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Dead medium: the Sony Videomat
From: jort@teleport.com (Daniel B. Howland)
Source(s): Popular Science, May 1966 (Picture News, Page 87)

(((Comments in triple parens by Daniel Howland)))

The See-Yourself-on-TV Vending Machine

"Want to analyze your golf swing, or perfect your fly- casting technique? This unique $3,000 'vending machine' makes it easy. Pop a quarter into the slot, and Sony's Videomat takes and records a moving picture of you for 30 seconds. Overhead lights blink on, and a miniature TV camera, mounted below the unit's TV screen, captures the action.

"The TV pictures are recorded on a rapidly spinning magnetic disk about the size of an LP phonograph record. The machine then plays back the instant movie twice on its built-in 19-inch color TV set. The conventional picture tube was turned sideways to produce a tall, narrow screen == the shape best suited for picturing standing and moving people.

"The low-cost recording disk is a lightweight aluminum hoop covered with a sheet of ultra-thin plastic film that is coated with the same magnetic substance used on conventional magnetic tape. At the start of each new recording, the machine erases the disk, which has a predicted life of several thousand record-playback cycles.

"Besides its obvious use at sports centers and country clubs, Sony expects the unit to be bought by clothing stores, so customers can observe how their clothes fit as they move (((thereby replacing wasteful mirrors costing tens of dollars))), and by cocktail lounges, for the amusement of patrons between drinks. Drama schools and dancing studios should find it a useful teaching aid. ((( An entire production of Hamlet or Swan Lake could be recorded with as few as one hundred of the disks, and viewed up to two times before automatic erasure.)))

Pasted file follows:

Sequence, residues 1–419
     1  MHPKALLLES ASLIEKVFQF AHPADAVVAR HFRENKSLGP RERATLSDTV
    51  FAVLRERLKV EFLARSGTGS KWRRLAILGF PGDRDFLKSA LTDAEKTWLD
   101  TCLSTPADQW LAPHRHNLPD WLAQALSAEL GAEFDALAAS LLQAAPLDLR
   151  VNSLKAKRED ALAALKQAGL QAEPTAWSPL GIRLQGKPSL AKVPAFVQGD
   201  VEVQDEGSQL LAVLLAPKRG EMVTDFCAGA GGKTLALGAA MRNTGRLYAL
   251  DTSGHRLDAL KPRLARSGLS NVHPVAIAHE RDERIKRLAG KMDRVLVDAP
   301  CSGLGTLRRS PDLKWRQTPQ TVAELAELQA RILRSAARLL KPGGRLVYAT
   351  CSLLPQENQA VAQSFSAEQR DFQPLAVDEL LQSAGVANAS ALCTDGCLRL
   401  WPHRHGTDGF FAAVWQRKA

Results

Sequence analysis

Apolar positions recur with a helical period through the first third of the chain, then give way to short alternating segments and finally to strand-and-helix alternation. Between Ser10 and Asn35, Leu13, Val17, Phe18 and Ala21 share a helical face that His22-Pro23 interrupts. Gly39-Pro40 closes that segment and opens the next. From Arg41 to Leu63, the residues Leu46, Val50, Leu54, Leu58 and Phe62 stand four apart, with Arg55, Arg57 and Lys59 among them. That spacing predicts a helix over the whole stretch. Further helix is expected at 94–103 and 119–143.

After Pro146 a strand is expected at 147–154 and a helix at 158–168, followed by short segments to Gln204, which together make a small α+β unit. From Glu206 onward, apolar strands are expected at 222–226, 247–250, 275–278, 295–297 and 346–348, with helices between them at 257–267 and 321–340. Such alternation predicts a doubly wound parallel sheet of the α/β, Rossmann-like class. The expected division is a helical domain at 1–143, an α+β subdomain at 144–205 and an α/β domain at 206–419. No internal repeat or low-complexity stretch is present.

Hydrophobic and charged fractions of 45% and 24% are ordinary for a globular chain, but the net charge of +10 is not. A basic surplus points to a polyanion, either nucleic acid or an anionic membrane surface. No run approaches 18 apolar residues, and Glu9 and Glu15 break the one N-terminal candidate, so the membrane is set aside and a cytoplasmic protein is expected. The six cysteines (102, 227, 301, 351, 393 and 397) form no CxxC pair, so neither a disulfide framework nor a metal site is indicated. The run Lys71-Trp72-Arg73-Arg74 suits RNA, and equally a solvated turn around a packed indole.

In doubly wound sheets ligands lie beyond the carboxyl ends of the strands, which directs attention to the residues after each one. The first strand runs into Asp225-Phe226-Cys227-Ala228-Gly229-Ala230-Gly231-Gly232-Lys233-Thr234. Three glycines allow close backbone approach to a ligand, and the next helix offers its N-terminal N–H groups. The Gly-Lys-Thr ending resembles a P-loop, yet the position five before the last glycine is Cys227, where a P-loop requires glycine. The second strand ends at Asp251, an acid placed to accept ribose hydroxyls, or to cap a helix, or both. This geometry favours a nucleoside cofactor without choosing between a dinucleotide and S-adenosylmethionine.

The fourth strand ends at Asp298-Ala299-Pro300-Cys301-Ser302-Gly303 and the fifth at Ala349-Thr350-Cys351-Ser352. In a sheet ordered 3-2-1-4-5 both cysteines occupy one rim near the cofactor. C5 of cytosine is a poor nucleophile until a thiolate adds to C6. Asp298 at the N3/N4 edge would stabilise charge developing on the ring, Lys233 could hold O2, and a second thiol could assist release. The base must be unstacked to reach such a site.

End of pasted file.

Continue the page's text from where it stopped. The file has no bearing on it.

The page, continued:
(((The Videomat looks like the box a magician might use to stick swords through an assistant, with the sideways video screen about eye level. On top are two headlamps that wouldn't look out of place on the rollbar of a 4X4 truck. The photo shows a modish woman smiling at the image of herself posing. )))

((( The Videomat is a relic of the days when seeing oneself on a video screen was still a novelty. A cartoon from the 1964/1965 World's Fair Official Souvenir Book shows a boy at the RCA pavilion. "Look here, son," says the host, "You've been lost five times, today alone. How about letting some other kids get a crack at being on color TV?" And today we appear on video when we buy a Big Gulp.)))

Daniel B. Howland (jort@teleport.com)
Organization: Journal of Ride Theory